Many of you have a date or dates on the calendar that interrupt your routine like a pile of rocks. The anniversary of your spouse’s death, a miscarriage, a family member’s death, a surgery, a phone call with shocking news, the date you learned of the affair—the list is long. Happy anniversaries are cool. They come with cards, presents and smiles. These other anniversaries are far too often undervalued and minimized to our great loss. These other anniversaries remind us of the deep impact of God’s gracious assignments that pushed us into an accelerated understanding and appreciation of his great loving kindness.

    What is your story? Who or what did God use in your life to seemingly forever change how you talk, think and feel about God? God told Joshua to put up a pile of stones, a visual and intentional reminder of a past meaningful event. The function of the pile of stones was to get the children to ask a question: “What does that mean?” Then, the story is told. Find a way to tell your story of how God made himself really big in your life.

    Sue and I, like many of you, were broken beyond what we thought we could bear 36 years ago this week. Our story has the same ending as many of yours and certainly the same as Joshua’s several thousand years ago: Matt’s life and death were simply “so that all the peoples of the earth may know that the hand of the Lord is mighty, that you may fear the Lord your God forever” (Joshua 4:24).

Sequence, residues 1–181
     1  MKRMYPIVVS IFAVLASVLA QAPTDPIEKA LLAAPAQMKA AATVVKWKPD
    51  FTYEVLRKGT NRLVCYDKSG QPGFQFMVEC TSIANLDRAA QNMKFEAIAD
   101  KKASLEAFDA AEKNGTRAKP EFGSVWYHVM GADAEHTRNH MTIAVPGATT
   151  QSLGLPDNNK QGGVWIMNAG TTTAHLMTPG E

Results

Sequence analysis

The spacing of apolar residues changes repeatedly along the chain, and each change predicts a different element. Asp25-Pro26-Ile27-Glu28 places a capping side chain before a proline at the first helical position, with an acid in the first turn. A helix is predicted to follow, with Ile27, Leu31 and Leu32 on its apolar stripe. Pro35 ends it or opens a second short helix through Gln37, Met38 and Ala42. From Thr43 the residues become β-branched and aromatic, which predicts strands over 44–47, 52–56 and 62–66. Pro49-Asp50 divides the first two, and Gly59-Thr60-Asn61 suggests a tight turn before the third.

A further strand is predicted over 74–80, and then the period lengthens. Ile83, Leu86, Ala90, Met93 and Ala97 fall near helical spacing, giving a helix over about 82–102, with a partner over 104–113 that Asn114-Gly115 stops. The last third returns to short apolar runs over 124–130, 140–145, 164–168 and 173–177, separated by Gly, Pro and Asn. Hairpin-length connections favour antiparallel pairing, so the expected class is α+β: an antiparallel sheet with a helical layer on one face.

ThuThursdayOctOctober18th2012 Miniature Missionaries

    [Guest post from pastoral intern Drew Humphrey]

    As I sat in the worship service last weekend listening to Nate Irwin give our church a clarion call for ministry to unreached peoples, a simple yet startling thought occurred to me: unreached people groups are self-populating. They have babies. They raise babies. Their babies grow up, get married, and have babies of their own. The 4.5 million individuals who make up the Tihami people of Yemen will not be the same individuals who make up the Tihami people thirty years from now. Some will die. Many more will be born. Generations will continue to come and go, as surely as waves washing rhythmically upon the beach.